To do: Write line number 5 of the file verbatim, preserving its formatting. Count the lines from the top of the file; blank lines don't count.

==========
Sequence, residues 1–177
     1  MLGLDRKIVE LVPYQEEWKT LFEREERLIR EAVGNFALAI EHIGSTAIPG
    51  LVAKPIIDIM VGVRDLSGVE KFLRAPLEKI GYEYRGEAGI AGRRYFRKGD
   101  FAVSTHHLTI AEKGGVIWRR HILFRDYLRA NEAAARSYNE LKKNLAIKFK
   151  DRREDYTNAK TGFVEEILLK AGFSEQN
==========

   151  DRREDYTNAK TGFVEEILLK AGFSEQN